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Gay marriage foes deserve to be heard, even on Metrobuses

By Colbert I. King
Saturday, December 26, 2009; A23

"What is freedom of expression?" Salman Rushdie once asked. "Without the freedom to offend, it ceases to exist." Ride a Metrobus in this city, and you'll see an example of what Rushdie is talking about.

Some Metrobuses are carrying advertisements paid for by Stand for Marriage DC, a group that opposes civil marriage for same-sex couples. The group wants to subject the District's recently passed law permitting same-sex marriage to a public referendum.

Offended by the ads, an opposing group, Full Equality Now DC, has demanded that the Washington Metropolitan Area Transit Authority (WMATA) remove the ads from Metrobuses on the grounds that they disrespect gay, lesbian, bisexual and transgender (GLBT) city residents. Full Equality Now asserts that the ads force GLBT people to "stare down discrimination as they board the bus to go somewhere or are even passed by an advertisement on the street." That, says Full Equality Now, targets D.C. residents on the basis of sexual orientation, in opposition to both common decency and the standards of nondiscrimination in WMATA's own policies.

"We do not deserve to face this message when we ride the bus," the group wrote in a letter to WMATA General Manager John B. Catoe Jr.

That Full Equality Now takes offense is understandable. But should the ads be taken down?

Fortunately, yet another group of citizens has weighed in on the issue.

The group includes Mitch Wood, president of the Gay and Lesbian Activists Alliance; Arthur B. Spitzer, legal director of the ACLU of the Nation's Capital; Jeffrey D. Richardson, president of the Gertrude Stein Democratic Club; Aisha C. Mills, president of Campaign for All D.C. Families; and activist Richard J. Rosendall.

Unlike Full Equality Now DC, the group led by Wood and Spitzer has stepped forward to defend the freedom of expression of forces against gay marriage, even though those same forces have not done so for supporters of civil marriage equality.

In their letter to Catoe, the Wood-Spitzer alliance wrote: "As supporters of civil marriage equality, we also embrace the principle of free speech enshrined in the First Amendment to the U.S. Constitution, which makes our own advocacy possible. Indeed, the then-named Gay Activists Alliance thirty years ago won a court battle against WMATA for the right to place educational posters in Metrobuses with the message, 'Someone In Your Life Is Gay.' WMATA is a quasi-governmental body and is thus subject to the First Amendment. We, the undersigned, therefore urge you to reject the misguided censorship advocated by Full Equality Now DC."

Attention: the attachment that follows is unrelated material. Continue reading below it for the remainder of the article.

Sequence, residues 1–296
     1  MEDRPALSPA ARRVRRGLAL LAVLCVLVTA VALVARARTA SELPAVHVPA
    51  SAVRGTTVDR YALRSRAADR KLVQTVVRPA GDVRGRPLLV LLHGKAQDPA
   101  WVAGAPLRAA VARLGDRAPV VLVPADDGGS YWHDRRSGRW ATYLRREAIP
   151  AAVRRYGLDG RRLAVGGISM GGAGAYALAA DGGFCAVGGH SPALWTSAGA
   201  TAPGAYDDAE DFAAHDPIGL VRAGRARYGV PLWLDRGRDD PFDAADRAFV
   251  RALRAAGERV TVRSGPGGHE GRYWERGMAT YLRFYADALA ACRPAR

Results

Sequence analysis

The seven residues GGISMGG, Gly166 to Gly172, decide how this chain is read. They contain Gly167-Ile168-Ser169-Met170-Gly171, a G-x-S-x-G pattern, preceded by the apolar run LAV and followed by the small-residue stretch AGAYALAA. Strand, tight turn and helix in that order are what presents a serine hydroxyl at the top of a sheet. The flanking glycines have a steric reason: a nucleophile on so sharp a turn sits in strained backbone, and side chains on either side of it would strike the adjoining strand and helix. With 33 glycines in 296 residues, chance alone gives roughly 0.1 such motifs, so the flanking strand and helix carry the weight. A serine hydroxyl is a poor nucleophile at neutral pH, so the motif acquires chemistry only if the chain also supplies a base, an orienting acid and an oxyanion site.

Speaking not only for themselves but also for people like me, they said: "Free speech is not only for those whose beliefs we find acceptable. The proper response to offensive speech is more speech. Your proper response to Full Equality Now DC, therefore, is that those who object to ads by Stand For Marriage DC are free to place their own.

"Thank you for resisting pressures to favor or disfavor particular viewpoints, from whatever political direction they may come."

This year we have seen people take every opportunity to get things off their collective chests. No subject has been left untouched by public debate. Tea parties, town hall meetings, Internet chat rooms and the blogosphere have all served as forums for freewheeling speech as well as for launching all-out verbal assaults against perceived enemies. Some have even called for censorship of television personalities who express obnoxious views.

If Salman Rushie's definition is the standard, freedom of expression reached new heights in 2009 America. Folks have said what they like without penalty, but while expecting acceptance of only their expressed beliefs and ideas. Forget that "free exchange of ideas" stuff. Their views, and theirs alone, are expected to go unchallenged.

So it was heartening to see how some citizens reacted to the issue raised by the Metrobus advertisements. The conflict provided a good -- but rare -- example of citizens standing up for the principle of protecting despised speech of a disagreeable speaker. We owe them thanks for supplying the essential ingredient that has been missing in this year's freewheeling debates: tolerance.

And to think, it occurred in our nation's capital. First Amendment and freedom lovers should be proud.

kingc@washpost.com

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